When I arrived, I was charged with expanding the music ministry to involve more people and raise the level of excellence. My goal was to add to the orchestra and the choir. I was also charged with taking our deep rooted hymnody and add to that body of music, songs that our congregation will sing for years to come. We employ a choir/orchestra/praise team format that works well for us. It may seem antiquated to some since our area is full of churches who’s worship services look more like rock concerts, but I’ve found no other format in which we can involve people of various levels of musicianship to use their talents for the glory of God. In terms of excellence, I can tell you that the higher I raised the bar—the more I asked for and “demanded” musically, it’s been amazing how our folks have risen to that challenge.
Here are a few ways I have tried to accomplish this, while involving as many people from all our generations. It’s a long way from our church’s roots with a worship leader and organ and piano only:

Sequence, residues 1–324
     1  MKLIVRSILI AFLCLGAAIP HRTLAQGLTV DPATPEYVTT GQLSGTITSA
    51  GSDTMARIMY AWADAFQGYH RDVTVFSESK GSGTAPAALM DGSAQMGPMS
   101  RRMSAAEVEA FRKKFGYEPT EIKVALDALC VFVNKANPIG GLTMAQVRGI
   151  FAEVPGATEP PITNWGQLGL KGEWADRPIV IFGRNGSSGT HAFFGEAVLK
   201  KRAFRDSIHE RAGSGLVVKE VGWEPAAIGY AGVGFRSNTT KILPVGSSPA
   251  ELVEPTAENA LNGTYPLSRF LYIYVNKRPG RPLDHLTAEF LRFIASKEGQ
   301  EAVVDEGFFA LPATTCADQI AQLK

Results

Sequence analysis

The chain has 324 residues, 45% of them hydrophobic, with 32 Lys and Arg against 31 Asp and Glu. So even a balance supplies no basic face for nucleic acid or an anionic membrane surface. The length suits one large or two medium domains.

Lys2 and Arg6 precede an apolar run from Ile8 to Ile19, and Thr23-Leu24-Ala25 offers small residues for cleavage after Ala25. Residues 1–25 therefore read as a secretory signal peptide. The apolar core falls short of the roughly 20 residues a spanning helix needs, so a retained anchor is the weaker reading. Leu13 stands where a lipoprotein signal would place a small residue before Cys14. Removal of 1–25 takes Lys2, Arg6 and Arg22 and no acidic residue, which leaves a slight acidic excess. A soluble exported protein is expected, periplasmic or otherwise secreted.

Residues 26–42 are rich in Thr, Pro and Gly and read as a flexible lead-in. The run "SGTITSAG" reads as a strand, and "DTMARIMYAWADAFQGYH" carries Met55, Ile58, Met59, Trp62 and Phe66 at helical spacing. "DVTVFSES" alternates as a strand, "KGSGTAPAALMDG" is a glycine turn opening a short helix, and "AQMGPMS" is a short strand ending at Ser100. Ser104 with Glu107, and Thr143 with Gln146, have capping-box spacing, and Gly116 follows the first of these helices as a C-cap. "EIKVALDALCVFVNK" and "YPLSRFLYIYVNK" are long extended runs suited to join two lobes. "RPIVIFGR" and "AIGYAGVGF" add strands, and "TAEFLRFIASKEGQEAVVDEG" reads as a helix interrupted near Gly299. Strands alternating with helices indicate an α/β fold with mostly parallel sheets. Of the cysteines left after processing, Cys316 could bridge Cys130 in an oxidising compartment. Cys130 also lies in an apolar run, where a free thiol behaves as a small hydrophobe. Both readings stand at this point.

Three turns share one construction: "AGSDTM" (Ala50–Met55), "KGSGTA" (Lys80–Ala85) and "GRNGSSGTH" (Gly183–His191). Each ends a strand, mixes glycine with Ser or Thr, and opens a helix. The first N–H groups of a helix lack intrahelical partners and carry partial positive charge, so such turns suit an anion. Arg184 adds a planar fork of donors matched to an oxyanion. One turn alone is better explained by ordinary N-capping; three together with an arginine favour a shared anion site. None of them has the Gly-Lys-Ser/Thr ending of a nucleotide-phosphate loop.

- Choose new hymns/worship music with strong biblical texts, singable keys, and memorable tunes, but always celebrate the classic hymns of your church. On another note regarding new songs, it’s important for me to intentionally stay behind what some would consider the newest worship music and watch to see if the song will remain apart of the hymnody of the evangelical church. I never want to learn anything new that won’t stay around.
- Whatever instrumentation/vocalization enhancement we use, I make sure the congregation can hear itself sing.
- Involve students in our orchestra. Our most intergenerational group in the church is our church orchestra.
- Give priority to Youth Choir and Children’s Choirs as they lead in worship throughout the year, and also learn the skills to be involved musically the rest of their lives.
- Use Intergenerational Praise Teams specifically for congregational song enhancement, but not to cover up the congregation herself.
- Commit to the proclamation ministry of the choir. Some have done away with the choir singing anthems/specials, but this very important ministry is rooted in biblical precedent.
- We are committed to the most excellent offering of music we can to the Lord. We sing all kinds of music, with as much authenticity as we can. We are humbly imperfect and committed to not overproducing. We are a family—we celebrate the overly talented and the marginally talented and spur one another on in the praise of our Father.